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DragonEddy after Paris: “I finally want to reach that Overwatch spot and I will!”

Volamel 2018-10-01 04:44:03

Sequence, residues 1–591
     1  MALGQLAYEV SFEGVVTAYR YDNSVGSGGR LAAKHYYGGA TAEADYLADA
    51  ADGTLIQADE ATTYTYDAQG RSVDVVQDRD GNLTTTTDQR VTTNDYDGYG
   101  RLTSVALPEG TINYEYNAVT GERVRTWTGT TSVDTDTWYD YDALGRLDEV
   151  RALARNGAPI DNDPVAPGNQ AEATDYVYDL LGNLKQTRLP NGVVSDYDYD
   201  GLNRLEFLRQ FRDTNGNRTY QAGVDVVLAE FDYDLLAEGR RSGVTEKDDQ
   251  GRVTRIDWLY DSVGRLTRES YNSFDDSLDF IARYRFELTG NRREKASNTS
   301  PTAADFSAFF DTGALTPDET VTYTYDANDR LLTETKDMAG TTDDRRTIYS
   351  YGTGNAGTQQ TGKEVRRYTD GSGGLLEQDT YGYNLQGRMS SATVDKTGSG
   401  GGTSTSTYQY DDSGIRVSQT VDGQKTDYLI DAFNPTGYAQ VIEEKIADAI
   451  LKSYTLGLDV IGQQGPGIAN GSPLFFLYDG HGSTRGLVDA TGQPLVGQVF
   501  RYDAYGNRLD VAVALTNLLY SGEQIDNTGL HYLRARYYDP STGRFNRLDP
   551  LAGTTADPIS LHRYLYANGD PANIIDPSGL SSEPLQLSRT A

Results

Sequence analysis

Overwatch World Cup serves many purposes. It’s a wonderful way to celebrate individual ecosystems and nations as well as gifting players opportunities to showcase their talent for the thousands of people watching from home. Many players left the Paris stage of the 2018 Overwatch World Cup with a higher standing in the public eye, but one player stood out amongst the crowd. Italian Flex tank, Edmondo "DragonEddy" Cerini, sat down with EsportsHeaven to discuss some of his favorite moments from the event and what lies in the future for his team as well as the European region at large. _____ I know you talked about this on broadcast, but I feel like you didn’t share everything that went behind your handle. Could you go more in-depth on how you got the name “DragonEddy”? I chose this nickname when I was 12, so sometimes I regret it, but I still stick to it because more and more people are getting to know me as “DragonEddy” and I got attached to it as well. Eddy comes from my name, Edmondo, and that’s how everyone calls me. Dragon comes from the fact that when I was a little kid, my Mom, who is Chinese, used to show me traditional Chinese objects, like folding fans or ancient paintings with dragons, and she explained to me how the dragon was and still is the best zodiac symbol in the ancient Chinese history for many different reasons. They are associated with strength and harmony, so when I was a kid I really liked all the stories around them and that’s where my nickname comes from. We’ve got to tackle the Overwatch World Cup. Talk to me about your set against Poland and try and remember back to Control Center. It’s 99% to 73% and Team Italy is approaching with a good ultimate advantage. Leading into the fight, what was the atmosphere like in the team and what was it like to finally close that game out? I remember that at the end of the previous fight we were still very agitated, but Bimbz and I were really chill, calming everyone down and saying that we would have easily retaken with our Bomb-Grav combo. I told Heartbeat to not worry about throwing the Grav because they didn’t have any D.Va trying to eat it, so it was an easy throw. After the combo, we got a pick and then we just cleaned up the point. I remember that at the end of that last fight everyone was getting so hyped, some were already cheering, but we were super focused, we wanted to finally end the match and take our win. After the last kill, “Victory” came up on the screen and I remember everyone giving their “ggs” and then finally standing up, screaming and hugging everyone else. That win felt really good! Team Italy put up one solid fight but didn’t manage to qualify for BlizzCon. If you could go back to any match during the World Cup and change something, what match would you go back an alter? Overall I’m satisfied with my performance at the world cup, but there’s one mistake that I still regret. We were playing against France on Temple of Anubis and we were about to full hold it on the first point. The fight right before they won, I had my Bomb. We were 5 vs 6 and my mech got down to 100 hp, so I thought that we still might have lost that; so I used my ult to get a re-mech and not die, but right after Heartbeat and someone else, I don’t remember who got three picks on France and the fight was won even before my bomb exploded. I knew NiCO had his blade up, but I thought Nisa would have charged his ult in time for the next time, he was 70% or something. I had a déjà vu at that moment: I remembered the previous game with team Netherlands on Temple of Anubis, where Vizility had his blade on and I knew it and I prepared myself with my bomb to counter it. The next and last fight, in fact, Vizility goes in with Dragon Blade, I do a really good bomb, I kill him, save the fight, and full hold Anubis. With team France instead, I didn’t have my bomb to counter their blade. Last fight NiCO comes in with his blade and takes 3-4 easy kills on us and takes the first point. I remember I regret that a lot, but after I realized that considering the situation it was not a big mistake of mine, I could not have known that the fight where I threw my bomb we would have got so many picks.     What did it feel like to represent your entire country on stage with more than 20,000 people at home watching you play? Do you have any fun fan interactions that really inspired you? Did you feel any added pressure knowing how this could affect your career? This was my first experience and LAN in front of such a big and cheering crowd and I was super excited to play for my country! Usually, a lot of players perform worse in LAN due to pressure and the big audience, but I instead performed 100% better! I’m so hyped by the crowd and the atmosphere that I really get the best out of me! Every time a round ended, I just looked up and saw the huge crowd shouting and I remember perfectly those seven or eight Italian fans who came all the way to Paris to cheer for us and, oh my god, they were so few, but they were cheering and shouting more than anyone else! Italian fans are truly amazing! I remember they had the biggest flag in the audience! And about the fact that this big event was about to affect my future and career, I felt pressure of course, but in a positive meaning because that made me perform even better knowing that there were many Overwatch League scouts watching me and doing the interview with Malik and seeing my name on the first day of the stage as MVP was absolutely amazing! With your performance during World Cup, you’ve drawn quite the buzz around you. In your opinion, how important is the World Cup to the Overwatch ecosystem? Many people are comparing it to Overwatch Contenders -- would you agree with that? World Cup is a very big important and symbolic event. A lot of people who wouldn’t normally watch Overwatch tournaments tune into the World Cup’s stream just to cheer for their national team! A lot of Overwatch League and Overwatch Contenders scouts watch this event to find new talents, so it’s a really big opportunity for those not so known players. For example, after the World Cup, I got contacted by so many people, fans, interviewers and managers from Overwatch League teams! As someone who has been grinding the Overwatch ladder for the past year, what do you think needs to happen to better facilitate players continuing to pursue the Path to Pro model? I think the Tier 2/3 scene, especially in Europe, needs more Overwatch League academies and organizations willing to invest in the game and to invest in new talents that are Overwatch League worthy. I think that Samsung with their “Morning Stars” project is one of those good organizations that has invested and is still investing a lot in Overwatch. But to make companies invest into the game, the viewership and interest in the game is at the basis, so maybe the should take care of that first, trying to make the game more enjoyable and watchable and advertising the game and tournaments outside the League. It’s still a very hard and complicated question to answer and I don’t really know the answer. I did want to touch on Contenders Trials last season for your team Samsung Morning Stars Blue. Could you explain more in-depth what went wrong for the team when it came to Trials? It felt like the momentum from Open Division didn’t really carry over, was there a specific reason why that is? I think that the meta change influenced us a lot. In the OD we were kind of an OTP team, we were running our composition and we were super strong with it, we beat a lot of strong teams over and over and we learned how to counter every other comp. Everyone was very confident with his own pick and me especially, I felt great playing Zarya! On the Trials patch though things changed, even if not in a big way. The meta was kinda different, some were already playing the GOATs that we know that was pretty stronger than our composition and we hadn’t really practiced that or dive and we didn’t have time to. So, after the first loss, everyone shut down. A lot of guys were demotivated and we didn’t manage to stand up again. One of your Open Division rivals whom you beat to lock in second place was One.PoinT, who did quite well in Overwatch Contenders Season 2. If given a direct slot into the Contenders scene, how well do you think Samsung Blue would have done? Would you have made playoffs? Are you looking forward to playing against One.PoinT in the future? As said before, one of the team we were beating on the OD patch was actually One.PoinT, but it was when we were running our OTP comp; people started learning how to counter it and either way we would have not been able to play it on the Contenders patch, so honestly I don’t think we would have gone far back then. The loss in Trials made us stronger though, we started practicing and getting better at other meta comps and now we all feel ready! Now, looking forward, what are your plans for next season of Overwatch Contenders? Do you have any specific goals in mind that you are chasing? Do you have any team goals that you're comfortable with sharing? We’ve been seeing some roster changes and there are big news incoming about that and about Contenders that I can’t tell yet. My team goal is getting more and more synergy with my teammates and going as far as possible in the next season reaching at least top 8 and my personal goals are to show up in the season of Overwatch Contenders and to make my name more and more popular. I finally want to reach that Overwatch spot and I will! _____ Joseph “Volamel” Franco has followed esports since the MLGs of 2006. He started out primarily following Starcraft 2, Halo 3, and Super Smash Bros. Melee. He has transitioned from viewer to journalist and writes freelance primarily about Overwatch and League of Legends. If you would like to know more or follow his thoughts on esports you can follow him at @Volamel. Images courtesy of Blizzard Entertainment.